Cover

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pp. C-C

Title Page, Copyright Page

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pp. i-iv

Contents

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pp. v-vi

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Foreword

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pp. vii-xii

Growing up Christian in the mid-twentieth century South—amid the first stirrings of neofundamentalism; the waning days of the social gospel movement; diminishing anti-Catholic, anti-Jewish Protestant sectarianism; and the glacial receding of religious sectionalism—produced some exceptional religious biographies. David Edwin Harrell’s is one of them....

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Preface

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pp. xiii-xvi

When the editors of this volume of essays honoring David Edwin Harrell asked me to provide a preface, I felt honored and readily agreed. What could be easier? Summarize the book’s chapters, reflect on my own reading of his work, toss in a few stories from thirty years of sipping coffee with him at “the meetings,” and ship it off. As it turned out, however, that assumption...

Acknowledgments

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pp. xvii-xx

Part I

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1. David Edwin Harrell Jr.: American Religious Historian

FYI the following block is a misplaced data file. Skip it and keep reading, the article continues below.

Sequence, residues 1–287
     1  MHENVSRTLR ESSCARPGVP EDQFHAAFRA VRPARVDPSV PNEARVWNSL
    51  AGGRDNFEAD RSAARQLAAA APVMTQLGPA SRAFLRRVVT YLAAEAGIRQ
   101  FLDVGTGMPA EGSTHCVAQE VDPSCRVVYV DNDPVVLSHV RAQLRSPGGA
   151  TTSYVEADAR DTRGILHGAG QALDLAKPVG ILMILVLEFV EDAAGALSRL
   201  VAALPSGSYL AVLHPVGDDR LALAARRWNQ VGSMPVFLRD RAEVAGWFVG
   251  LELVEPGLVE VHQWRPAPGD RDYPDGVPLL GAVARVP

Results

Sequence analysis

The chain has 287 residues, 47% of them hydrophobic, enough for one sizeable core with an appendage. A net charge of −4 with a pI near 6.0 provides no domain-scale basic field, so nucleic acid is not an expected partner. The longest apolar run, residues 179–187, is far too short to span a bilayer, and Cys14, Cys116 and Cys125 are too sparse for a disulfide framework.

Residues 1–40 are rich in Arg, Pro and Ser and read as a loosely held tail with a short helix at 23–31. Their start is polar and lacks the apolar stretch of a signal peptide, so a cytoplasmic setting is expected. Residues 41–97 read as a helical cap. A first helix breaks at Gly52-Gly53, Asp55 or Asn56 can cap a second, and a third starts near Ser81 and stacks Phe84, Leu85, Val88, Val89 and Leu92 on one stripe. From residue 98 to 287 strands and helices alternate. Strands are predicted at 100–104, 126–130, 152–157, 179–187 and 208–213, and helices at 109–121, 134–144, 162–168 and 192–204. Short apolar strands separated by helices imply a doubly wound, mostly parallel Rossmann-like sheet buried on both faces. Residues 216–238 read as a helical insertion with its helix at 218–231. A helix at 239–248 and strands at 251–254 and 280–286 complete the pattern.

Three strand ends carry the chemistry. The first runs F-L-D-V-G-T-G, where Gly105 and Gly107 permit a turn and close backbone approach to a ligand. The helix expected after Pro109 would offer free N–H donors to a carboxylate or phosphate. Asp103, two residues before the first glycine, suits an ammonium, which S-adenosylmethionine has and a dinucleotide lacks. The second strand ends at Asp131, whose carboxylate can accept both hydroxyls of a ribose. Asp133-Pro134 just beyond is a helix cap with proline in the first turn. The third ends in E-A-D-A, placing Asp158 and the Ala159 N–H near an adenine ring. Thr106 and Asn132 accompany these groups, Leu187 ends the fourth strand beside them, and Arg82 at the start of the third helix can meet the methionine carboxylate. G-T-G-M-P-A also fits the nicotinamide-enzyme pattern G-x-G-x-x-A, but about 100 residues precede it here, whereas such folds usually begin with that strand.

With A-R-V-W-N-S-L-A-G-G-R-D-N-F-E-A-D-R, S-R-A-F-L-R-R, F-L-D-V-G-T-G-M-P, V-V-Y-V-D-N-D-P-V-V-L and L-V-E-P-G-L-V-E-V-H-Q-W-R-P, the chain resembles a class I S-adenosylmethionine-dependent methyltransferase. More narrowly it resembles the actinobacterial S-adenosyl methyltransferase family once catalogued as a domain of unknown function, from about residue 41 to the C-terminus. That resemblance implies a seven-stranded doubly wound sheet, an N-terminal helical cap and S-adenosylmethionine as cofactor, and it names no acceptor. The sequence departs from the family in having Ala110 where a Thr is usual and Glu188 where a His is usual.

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pp. 3-14

“All history writing is autobiographical.” Not quite, not exactly. But that statement, hardly indisputable truth, does lead us toward some insight into the dynamics of the historian’s practice of his craft.
My respect for David Edwin Harrell Jr. is too great, and my sensitivity too genuine, I trust, for me to claim exhaustive knowledge of why he writes as he does. But I have both right and responsibility to ponder the outlines...

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2. Elijah’s Never-Failing Cruse of Oil: David Harrell and the Historiography of America’s Pentecostals

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pp. 15-23

From my days as a graduate student at the University of Arkansas, I re-call one Sunday afternoon when David Harrell and I attended a church dedication service in nearby Rogers, Arkansas, conducted by our mutual friend Vinson Synan. On the way back to campus, we discussed personal insight into our own religious traditions—for me the Pentecostal Holiness ...

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3. David Edwin Harrell Jr. and the History of the Stone-Campbell Tradition

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pp. 24-32

David Edwin Harrell Jr. has taught me much about the craft of historical writing, about the role of social factors in religious history, and about the multitude of forces that have shaped my own religious tradition, the Churches of Christ. He has published three major books on the Churches of Christ, each of them pioneering in its own right, along with numerous ...